Men with angina are much more likely than women to develop further serious heart problems, a study suggests.
Researchers found male patients were twice as likely to have a heart attack and almost three times as likely to suffer a heart disease-related death.
Angina, a type of chest pain, is common and can be the first sign of heart disease - but the risks are unclear.
The study of UK patients, led by the National University of Ireland, Galway, appears in the British Medical Journal.
Angina is caused by insufficient supply of blood to the heart muscle.
Recent estimates suggest that 4.8% of men and 3.4% of women aged over 16 in England have angina.
In Scotland, the figures are higher: 6.6% of men and 5.6% of women.
The Irish team identified 1,785 patients in Scotland who were diagnosed with angina between January 1998 and December 2001, and tracked their progress for five years.
They found being male, older and a smoker was associated with an increased risk of having a heart attack.
The same factors - along with obesity - were also associated with a higher risk of dying from heart disease.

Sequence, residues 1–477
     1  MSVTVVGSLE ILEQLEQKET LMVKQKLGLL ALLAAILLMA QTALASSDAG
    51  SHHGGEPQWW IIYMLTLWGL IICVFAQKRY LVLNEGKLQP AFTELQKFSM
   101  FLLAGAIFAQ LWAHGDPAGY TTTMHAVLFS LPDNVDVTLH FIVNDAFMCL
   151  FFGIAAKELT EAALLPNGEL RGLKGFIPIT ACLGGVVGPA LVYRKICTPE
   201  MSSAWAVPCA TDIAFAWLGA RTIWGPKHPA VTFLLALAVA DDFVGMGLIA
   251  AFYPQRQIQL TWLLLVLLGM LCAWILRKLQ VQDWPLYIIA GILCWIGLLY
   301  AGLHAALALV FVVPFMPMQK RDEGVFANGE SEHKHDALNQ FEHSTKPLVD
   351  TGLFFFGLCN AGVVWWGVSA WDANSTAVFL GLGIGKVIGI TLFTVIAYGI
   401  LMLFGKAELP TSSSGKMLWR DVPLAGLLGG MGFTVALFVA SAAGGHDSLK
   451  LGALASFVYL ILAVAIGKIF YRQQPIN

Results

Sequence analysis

Men were also more likely than women to undergo angioplasty to open up blocked arteries, or to have coronary artery bypass surgery.
Lead researcher Dr Brian Buckley said the reasons why men appeared more at risk were unclear.
Some believe the problem could be that men are less likely to follow medical advice following diagnosis.
Others suspect that men do not go to their doctor until their condition is more advanced.
Women are also thought to receive some protection from the sex hormone oestrogen.
Dr Buckley said: "We need to look at what the hell is happening here rather more closely than we have in the past.
"Hopefully, our study has demonstrated that men are at more risk -so indisputably, that more research will take place looking at why."
He said the main message from the study was that people with angina should take steps to improve their lifestyle to minimise risk of more serious disease.
He said: "If you are diagnosed with angina, you should not panic - it won't necessarily end up in a heart attack - but you ought to take what the doctor says to you seriously, both in terms of taking medication and adopting a healthier lifestyle."
Dr Mike Knapton, associate medical director of the British Heart Foundation, said the study was important because it was based on large numbers of people living in the community, rather than in a hospital setting.
He said: "It confirms that smoking and being obese greatly up your risk of dying from heart disease.
"This is good news for people living with angina, as it shows that it's never too late for them to change their lifestyles, or to stop smoking."
The research was carried out in collaboration with the University of Aberdeen.